Tuesday, February 4, 2003
Gov. 'Very Gratified' by Tax Cut Vote
By David Miles
Journal Capitol Bureau
SANTA FE The Senate on Monday unanimously approved a state tax-cut package pushed by Gov. Bill Richardson to slash taxes on personal income and capital gains.
The measure (SB 167), which senators approved on a 39-0 vote, now goes to the House. The proposal would reduce the top state personal income tax rate from 8.2 percent to 5 percent over four years and cut the state's capital gains tax in half over the same period.
The proposal would cost $325 million a year once fully implemented.
Richardson, who called on legislators to send him the tax-cut package by the end of this week, said he was "very gratified" by the Senate's approval.
"The House needs to move immediately to preserve the momentum that will help us bring jobs to New Mexico," the governor said in an interview.
But House Speaker Ben Lujan, D-Santa Fe, said his chamber might not act on Richardson's proposal as quickly as the Democratic governor would like.
Lujan, who is sponsoring a House bill containing Richardson's tax-cut package, said the House Taxation and Revenue Committee might not hold a hearing on that measure until Wednesday or Friday.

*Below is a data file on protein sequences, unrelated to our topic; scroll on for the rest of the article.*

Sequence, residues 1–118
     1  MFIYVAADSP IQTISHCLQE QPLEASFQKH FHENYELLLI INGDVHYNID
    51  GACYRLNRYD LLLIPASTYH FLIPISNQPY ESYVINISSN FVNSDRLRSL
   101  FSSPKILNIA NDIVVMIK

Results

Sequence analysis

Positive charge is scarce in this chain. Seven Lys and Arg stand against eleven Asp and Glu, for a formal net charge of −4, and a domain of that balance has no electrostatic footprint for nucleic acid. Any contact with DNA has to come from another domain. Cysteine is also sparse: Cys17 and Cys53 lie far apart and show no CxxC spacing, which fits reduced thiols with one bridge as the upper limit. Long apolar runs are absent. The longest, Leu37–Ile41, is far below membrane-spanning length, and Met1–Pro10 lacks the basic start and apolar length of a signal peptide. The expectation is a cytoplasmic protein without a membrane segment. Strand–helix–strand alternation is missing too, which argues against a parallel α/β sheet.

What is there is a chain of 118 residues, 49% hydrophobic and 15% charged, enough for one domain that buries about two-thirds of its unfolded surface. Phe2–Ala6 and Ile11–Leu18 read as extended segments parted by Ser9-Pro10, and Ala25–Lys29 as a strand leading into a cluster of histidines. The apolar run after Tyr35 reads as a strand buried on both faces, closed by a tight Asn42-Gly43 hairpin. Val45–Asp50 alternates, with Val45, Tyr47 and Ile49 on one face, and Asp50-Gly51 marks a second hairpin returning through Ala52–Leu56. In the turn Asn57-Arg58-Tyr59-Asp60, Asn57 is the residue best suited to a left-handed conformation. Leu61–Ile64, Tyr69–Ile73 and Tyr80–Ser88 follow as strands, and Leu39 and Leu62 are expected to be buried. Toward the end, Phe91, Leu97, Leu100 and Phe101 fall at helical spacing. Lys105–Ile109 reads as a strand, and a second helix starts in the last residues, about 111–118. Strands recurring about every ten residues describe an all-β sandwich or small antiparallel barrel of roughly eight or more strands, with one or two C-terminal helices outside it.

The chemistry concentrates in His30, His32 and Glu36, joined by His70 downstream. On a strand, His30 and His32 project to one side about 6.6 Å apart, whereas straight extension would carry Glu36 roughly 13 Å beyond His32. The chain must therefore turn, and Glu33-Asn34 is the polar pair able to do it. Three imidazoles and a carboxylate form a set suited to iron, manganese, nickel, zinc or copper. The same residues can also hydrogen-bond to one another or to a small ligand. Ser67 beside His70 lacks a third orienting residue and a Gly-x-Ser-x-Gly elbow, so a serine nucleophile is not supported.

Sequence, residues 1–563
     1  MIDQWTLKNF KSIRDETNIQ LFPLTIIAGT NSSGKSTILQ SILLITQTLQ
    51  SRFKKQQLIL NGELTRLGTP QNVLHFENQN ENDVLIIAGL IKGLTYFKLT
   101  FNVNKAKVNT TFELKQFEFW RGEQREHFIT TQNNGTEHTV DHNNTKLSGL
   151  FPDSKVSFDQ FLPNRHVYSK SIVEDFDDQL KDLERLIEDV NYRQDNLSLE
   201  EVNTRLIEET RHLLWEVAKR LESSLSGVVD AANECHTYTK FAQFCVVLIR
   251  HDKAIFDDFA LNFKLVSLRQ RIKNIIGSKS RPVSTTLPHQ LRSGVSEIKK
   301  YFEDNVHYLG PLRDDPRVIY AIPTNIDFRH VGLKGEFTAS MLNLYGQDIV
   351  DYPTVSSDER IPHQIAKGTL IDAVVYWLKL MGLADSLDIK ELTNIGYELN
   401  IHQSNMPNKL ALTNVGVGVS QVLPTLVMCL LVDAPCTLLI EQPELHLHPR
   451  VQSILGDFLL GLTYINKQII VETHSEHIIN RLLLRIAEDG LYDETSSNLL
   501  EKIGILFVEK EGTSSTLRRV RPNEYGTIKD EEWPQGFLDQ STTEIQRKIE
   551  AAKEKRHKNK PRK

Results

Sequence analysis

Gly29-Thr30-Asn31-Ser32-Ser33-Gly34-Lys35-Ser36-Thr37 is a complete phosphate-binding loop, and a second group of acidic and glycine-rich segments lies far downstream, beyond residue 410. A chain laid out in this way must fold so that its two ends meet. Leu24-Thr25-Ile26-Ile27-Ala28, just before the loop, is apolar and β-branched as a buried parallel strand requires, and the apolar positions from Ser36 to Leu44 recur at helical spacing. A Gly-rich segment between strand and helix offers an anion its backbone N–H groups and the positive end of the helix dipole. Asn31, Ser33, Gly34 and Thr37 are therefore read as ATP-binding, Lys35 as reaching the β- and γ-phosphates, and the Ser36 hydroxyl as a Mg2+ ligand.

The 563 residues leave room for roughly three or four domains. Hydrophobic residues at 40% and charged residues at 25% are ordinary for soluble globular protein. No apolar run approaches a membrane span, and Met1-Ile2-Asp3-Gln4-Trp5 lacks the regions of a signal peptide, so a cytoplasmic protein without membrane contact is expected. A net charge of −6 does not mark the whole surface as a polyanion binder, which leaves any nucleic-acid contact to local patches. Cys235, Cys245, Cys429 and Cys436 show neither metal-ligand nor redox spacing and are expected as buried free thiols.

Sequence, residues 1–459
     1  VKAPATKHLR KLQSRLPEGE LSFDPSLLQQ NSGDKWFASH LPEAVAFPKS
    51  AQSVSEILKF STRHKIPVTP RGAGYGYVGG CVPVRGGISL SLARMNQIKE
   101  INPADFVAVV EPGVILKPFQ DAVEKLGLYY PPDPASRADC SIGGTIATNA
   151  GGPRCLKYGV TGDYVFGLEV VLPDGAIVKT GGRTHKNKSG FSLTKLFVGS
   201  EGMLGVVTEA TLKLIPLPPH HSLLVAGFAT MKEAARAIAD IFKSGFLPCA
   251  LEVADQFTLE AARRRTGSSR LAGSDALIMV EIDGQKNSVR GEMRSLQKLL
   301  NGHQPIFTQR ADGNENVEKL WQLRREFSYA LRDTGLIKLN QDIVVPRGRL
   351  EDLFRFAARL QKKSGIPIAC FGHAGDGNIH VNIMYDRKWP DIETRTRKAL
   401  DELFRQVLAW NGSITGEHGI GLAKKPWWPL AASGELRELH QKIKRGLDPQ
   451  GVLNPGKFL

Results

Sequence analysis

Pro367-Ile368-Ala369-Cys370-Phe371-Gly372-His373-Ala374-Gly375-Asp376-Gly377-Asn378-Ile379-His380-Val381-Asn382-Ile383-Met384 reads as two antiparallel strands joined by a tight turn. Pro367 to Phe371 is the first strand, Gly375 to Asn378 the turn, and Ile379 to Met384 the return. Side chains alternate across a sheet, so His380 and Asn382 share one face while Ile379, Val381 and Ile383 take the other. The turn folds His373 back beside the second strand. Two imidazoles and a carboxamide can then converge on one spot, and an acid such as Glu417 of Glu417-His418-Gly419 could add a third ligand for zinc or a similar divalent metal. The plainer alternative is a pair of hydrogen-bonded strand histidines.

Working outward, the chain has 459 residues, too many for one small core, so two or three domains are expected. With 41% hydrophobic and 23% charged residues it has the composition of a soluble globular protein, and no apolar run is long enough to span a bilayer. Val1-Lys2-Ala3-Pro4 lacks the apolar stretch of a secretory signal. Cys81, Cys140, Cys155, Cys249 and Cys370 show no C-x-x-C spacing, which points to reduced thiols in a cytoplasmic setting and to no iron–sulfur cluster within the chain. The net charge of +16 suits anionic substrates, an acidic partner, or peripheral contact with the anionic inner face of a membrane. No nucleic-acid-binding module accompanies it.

The committee had planned to consider the bill on Monday. But the hearing was delayed in order to prepare an amendment to create a "circuit breaker" provision to suspend the tax cuts if state revenues fall short, Lujan said.
Lujan also said he would like the House, Senate and Richardson to agree on an upper limit for spending in the state budget before approving a tax-cut proposal.
"I don't know that we have to speed it up as he'd like for us to do," Lujan said. "I think we need to know where our top dollar is in expenditures."
Sen. Carlos Cisneros, a Questa Democrat who sponsored the Senate bill, called the measure a "bipartisan initiative to stimulate the economy in New Mexico."
Sen. Sue Wilson Beffort, an Albuquerque Republican who co-sponsored the bill, said the package sent a "remarkable message" that the state is trying to attract businesses.
But Sen. Michael Sanchez, D-Belen, complained that the bill wouldn't provide enough tax relief to low- and middle-income taxpayers.
"I don't like it when I see a tax bill that doesn't have anything protecting the very poorest of the poor," said Sanchez, who was not present for the vote on the bill.
Sen. John Arthur Smith, D-Deming, expressed concern that the tax-cut package could result in annual state deficits of as much as $245 million if it failed to stimulate the economy and bring in additional tax revenues.
"I'm extremely apprehensive right now with what we're doing," Smith said.